Bcl-2 family proteins play a critical role in the progression of various neoplasms. The Bcl-2 family can be broadly divided into anti-apoptotic and pro-apoptotic members. The anti-apoptotic proteins (Bcl-2, Bcl-xL, Mcl-1, Bcl-w and A1) contain BH1 to BH4 domains. The pro-apoptotic members are further divided into two subgroups. One group (Bax and Bak) contains BH1 to BH3 domains and the other group (NOXA, PUMA, Bim and Bid) contains only the BH3 domain . Among the anti-apoptotic Bcl-2 family members, Mcl-1 plays a major role in tumorigenesis and chemoresistance, particularly in solid cancers [5, 6], distinguishing it as a potentially important therapeutic target. In spite of significant efforts to develop inhibitors of the anti-apoptotic Bcl-2 proteins, many of those developed to date only effectively inhibit Bcl-2 and Bcl-xL, but not Mcl-1. Most such inhibitors fall into the class of compounds known as BH3 mimetics, which are small molecules that mimic the BH3 domain of pro-apoptotic Bcl-2 proteins. One currently used BH3 mimetic, ABT-737 and its clinical counterpart ABT-263, display-limited affinity towards Mcl-1 . This could be attributed to the unique structure of Mcl-1 as compared to Bcl-2 or Bcl-xL . Using NMR binding assays and computational studies, an Apogossypol derivative, Sabutoclax, was identified and found to bind to Bcl-xL, Bcl-2, and Mcl-1 with IC50 values of 190, 360, and 520 nmol/L, respectively . We have previously shown that the Mcl-1 antagonist Sabutoclax alone or in combination with the tumor suppressor mda-7/IL-24 induces cancer-specific cell death in human prostate carcinomas (PC) [9, 10]. Furthermore, Sabutoclax alone inhibited both primary tumor growth as well as the metastatic spread of castration-resistant PC in transgenic mice that spontaneously develop prostate adenocarcinomas . Interestingly, it was also found that Sabutoclax enhanced sensitivity to tyrosine kinase inhibitors in leukemia stem cells, whose survival is mostly dependent upon expression of the Bcl-2 family of anti-apoptotic proteins .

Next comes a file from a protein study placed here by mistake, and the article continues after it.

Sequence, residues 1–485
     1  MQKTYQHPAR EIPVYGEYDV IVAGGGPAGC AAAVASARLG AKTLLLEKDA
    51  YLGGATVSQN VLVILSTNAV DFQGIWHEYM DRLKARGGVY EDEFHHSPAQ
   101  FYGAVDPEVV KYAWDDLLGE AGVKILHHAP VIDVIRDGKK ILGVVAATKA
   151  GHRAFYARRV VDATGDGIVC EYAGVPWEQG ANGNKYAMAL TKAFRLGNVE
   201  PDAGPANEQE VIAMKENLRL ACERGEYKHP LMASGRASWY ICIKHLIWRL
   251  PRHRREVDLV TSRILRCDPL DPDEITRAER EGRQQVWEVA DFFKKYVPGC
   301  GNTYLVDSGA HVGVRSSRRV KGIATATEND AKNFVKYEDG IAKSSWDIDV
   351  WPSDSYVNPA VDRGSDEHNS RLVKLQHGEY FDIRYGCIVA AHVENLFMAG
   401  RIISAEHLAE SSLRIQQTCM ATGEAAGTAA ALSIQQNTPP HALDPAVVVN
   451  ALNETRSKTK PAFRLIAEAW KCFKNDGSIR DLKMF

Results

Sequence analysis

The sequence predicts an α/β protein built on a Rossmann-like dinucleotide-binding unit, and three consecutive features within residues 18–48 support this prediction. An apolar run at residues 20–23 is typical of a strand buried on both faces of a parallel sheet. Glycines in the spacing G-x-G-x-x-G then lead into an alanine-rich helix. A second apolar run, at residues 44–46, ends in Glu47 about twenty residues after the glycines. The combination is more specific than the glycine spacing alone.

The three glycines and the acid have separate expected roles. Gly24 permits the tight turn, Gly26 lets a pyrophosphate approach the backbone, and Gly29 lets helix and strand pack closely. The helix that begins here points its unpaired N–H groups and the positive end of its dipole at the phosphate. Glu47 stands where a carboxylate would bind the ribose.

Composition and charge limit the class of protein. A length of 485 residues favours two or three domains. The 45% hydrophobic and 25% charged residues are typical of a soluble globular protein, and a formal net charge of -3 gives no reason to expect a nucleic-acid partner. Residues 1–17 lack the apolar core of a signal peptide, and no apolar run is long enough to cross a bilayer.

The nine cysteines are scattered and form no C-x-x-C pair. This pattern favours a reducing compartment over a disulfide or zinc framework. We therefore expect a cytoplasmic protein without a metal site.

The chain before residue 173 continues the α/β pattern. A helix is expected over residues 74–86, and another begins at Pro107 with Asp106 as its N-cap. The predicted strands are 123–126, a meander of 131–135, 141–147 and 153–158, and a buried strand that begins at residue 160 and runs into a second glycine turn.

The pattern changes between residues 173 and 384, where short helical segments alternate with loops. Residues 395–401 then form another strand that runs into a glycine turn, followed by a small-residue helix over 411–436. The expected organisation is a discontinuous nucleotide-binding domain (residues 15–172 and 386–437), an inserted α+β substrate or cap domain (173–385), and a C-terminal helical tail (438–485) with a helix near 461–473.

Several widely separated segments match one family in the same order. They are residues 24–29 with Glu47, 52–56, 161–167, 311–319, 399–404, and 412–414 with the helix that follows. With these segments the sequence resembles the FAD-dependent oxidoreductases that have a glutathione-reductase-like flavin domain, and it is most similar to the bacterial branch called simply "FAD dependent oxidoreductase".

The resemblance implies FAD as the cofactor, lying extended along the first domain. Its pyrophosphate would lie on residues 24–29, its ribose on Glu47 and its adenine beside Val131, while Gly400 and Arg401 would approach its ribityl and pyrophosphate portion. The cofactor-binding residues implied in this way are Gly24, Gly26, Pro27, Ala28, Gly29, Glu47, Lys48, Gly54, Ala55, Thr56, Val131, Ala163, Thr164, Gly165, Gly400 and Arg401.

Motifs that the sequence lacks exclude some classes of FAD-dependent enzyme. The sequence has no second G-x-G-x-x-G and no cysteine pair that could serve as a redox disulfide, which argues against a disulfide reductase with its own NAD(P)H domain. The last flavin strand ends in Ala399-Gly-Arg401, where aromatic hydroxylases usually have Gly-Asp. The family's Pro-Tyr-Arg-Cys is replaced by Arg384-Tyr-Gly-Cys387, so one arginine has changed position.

Earlier studies evaluating the clinicopathological association of Mcl-1 with OSCC showed that Mcl-1 overexpression in OSCC is predominantly associated with a less favorable outcome . Similarly, it was found that the HDAC inhibitor vorinostat sensitizes HNSCC cells to ABT-737-induced cell death by down regulating Mcl-1 . Based on these reports, we hypothesized that Mcl-1 could be a major survival factor in OSCC. In this study, we report for the first time that pharmacological inhibition of Mcl-1 using Sabutoclax induced cancer-specific cell death in OSCC both in vitro and in vivo. Cell death was attributed to Bak-mediated apoptosis and Bnip3-(BCL2/adenovirus E1B 19 kDa protein-interacting protein 3) induced mitophagy. As combination therapy is extremely important for the successful treatment of cancer, we explored additional agents of potential benefit to combine with Sabutoclax in OSCC. Previous literature in OSCC clearly showed an important role for COX-2 in OSCC tumor development and progression. For this reason, we evaluated Sabutoclax in combination with a COX-2 inhibitor, Celecoxib, and found that this novel combination synergistically inhibited the growth of OSCC both in vitro and in vivo. These studies reinforce the importance of Mcl-1 in OSCC and provide preclinical data in support of Sabutoclax and Celecoxib as a potential OSCC therapy.
Knocking down Mcl-1 sensitizes human OSCC cells to ABT-737-induced cell death